House and Senate lawmakers will begin considering a fiscal 2018 budget this week to start the Republican race to finish tax reform by the end of the year.

The budget resolution is one of the most critical measures Republicans in either chamber must pass if they are to achieve the party's top goal of overhauling the tax code.

Because it is the only measure that can use special rules to circumvent a filibuster by the Democrats, the GOP will add the tax reform plan to the budget resolution to enable passage in both chambers with simple GOP majorities.

"The budget is still the key that unlocks any of these great ideas," House Budget Committee Chairwoman Diane Black, R-Tenn., reminded lawmakers last week when Republicans unveiled their tax reform plan.

Majority Leader Kevin McCarthy announced the House will vote on the budget resolution next week. He touted the provisions in the plan, which includes money for the southern border wall President Trump promised during his campaign.

"Our Republican budget will balance within 10 years, provide money for the border fence, eliminate burdensome regulation and crack down on waste, fraud, and abuse," Majority Leader Kevin McCarthy, R-Calif., said Thursday. "Passing this budget will also enable tax reform, which is the key to economic growth and seeing that Americans take more and more of their hard-earned dollars."

The budget has long been a divisive measure for the GOP, and this year is no exception.

House GOP leaders this summer put off a vote on the budget plan because they lacked enough support within their own party to pass it.

The House plan, which capped spending at $1.13 trillion, made aggressive domestic and mandatory spending cuts while boosting military spending. Moderate Republicans said the cuts were too drastic, while conservatives wanted more reductions.

Conservatives also balked at approving the budget until they could see the actual tax plan that GOP leaders plan to hitch to the measure.

Skeptical GOP lawmakers said they wanted to ensure the tax proposal followed House Speaker Paul Ryan's plan to cut the corporate tax rate to 20 percent, or Trump's proposal to slash corporate taxes to 15 percent.

The GOP plan unveiled Wednesday adheres to the Ryan "Better Way" tax cut proposal for corporations, proposing the 20 percent rate.

"It's all good," Rep. Dave Brat, R-Va., said when asked whether he would back the budget resolution. "I've been pretty clear, you show me Paul Ryan's Better Way Tax plan, or Trump's tax plan, I'm a yes."

Senate Republicans are also preparing a budget resolution.

Senate Majority Whip John Cornyn, R-Texas, told the Washington Examiner the Senate Budget Committee will consider a 2018 resolution next week.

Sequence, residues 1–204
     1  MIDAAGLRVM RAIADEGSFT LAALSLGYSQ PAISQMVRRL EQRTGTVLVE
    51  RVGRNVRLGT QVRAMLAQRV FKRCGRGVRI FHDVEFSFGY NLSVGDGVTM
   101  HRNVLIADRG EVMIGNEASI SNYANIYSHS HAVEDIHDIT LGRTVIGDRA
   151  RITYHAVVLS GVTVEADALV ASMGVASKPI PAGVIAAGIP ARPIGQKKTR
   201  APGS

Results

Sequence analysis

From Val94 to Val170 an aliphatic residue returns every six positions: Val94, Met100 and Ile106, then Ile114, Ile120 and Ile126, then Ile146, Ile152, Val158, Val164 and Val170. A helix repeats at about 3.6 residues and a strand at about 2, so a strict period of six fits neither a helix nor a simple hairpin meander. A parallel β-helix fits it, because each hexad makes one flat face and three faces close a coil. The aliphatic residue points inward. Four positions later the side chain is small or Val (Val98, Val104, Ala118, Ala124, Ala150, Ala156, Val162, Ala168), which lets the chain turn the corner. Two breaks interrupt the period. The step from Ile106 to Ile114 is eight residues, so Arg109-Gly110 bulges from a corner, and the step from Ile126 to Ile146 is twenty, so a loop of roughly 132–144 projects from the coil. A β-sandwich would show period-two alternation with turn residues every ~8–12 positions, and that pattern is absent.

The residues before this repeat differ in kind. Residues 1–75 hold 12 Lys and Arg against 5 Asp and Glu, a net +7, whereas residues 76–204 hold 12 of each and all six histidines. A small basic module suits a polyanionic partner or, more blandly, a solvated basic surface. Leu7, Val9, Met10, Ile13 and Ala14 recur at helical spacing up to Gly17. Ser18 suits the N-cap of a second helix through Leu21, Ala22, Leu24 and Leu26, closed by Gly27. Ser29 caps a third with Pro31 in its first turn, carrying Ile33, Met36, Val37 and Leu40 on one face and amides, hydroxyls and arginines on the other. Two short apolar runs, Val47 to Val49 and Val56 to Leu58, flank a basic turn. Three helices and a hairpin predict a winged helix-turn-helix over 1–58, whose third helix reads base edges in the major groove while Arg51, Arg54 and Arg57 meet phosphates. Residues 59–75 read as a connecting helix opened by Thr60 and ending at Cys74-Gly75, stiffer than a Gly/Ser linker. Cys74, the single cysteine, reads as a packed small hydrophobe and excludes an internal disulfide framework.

"We are going to do the budget markup in committee next week, then it will come to the floor following that, then we will turn to mark up of the tax bill in the Finance [Committee]," Cornyn explained.

Details of the Senate budget bill have been scarce. Among the unanswered questions is whether the Senate plan will include key priorities Trump included in his own fiscal 2018 proposal, such as a provision allowing the sale of leases for oil and gas drilling in the Arctic National Wildlife Refuge.

"Whatever we can get a majority of senators to support," Cornyn said when asked about Alaska drilling. "That is going to be important."

Senate Republicans have a much slimmer majority than the House. They control 52 votes and can afford to lose only two GOP lawmakers if they hope to pass the resolution with Vice President Mike Pence casting a tie-breaking vote.

Key Senate Republicans on the budget panel have so far come to a tentative agreement on the budget that would allow $1.5 trillion in tax cuts over the next decade.

But there are likely to be significant differences in the House and Senate budget plans, which Republican leaders anticipate will have to be worked out in a conference between the two chambers.

The House budget resolution, for example, calls for $203 billion in cuts from mandatory programs. Moderate GOP senators would likely reject any mandatory cuts.

"It would be disingenuous to suggest $203 billion worth of mandatory spending cuts will make it into the Senate budget," said Rep. Mark Meadows, R-N.C., who is head of the conservative House Freedom Caucus. "So, it will have to be worked out in conference and a compromise will have to be worked out."

Meadows appeared resigned to accept that the House budget's more aggressive spending cuts would likely have to be sacrificed if the larger goal of tax reform stands any chance of passing in the Senate.

"The $1.5 trillion that they have in the Senate budget allows for us to be very aggressive on tax cuts, and I support that," Meadows said.

Robert King contributed to this report.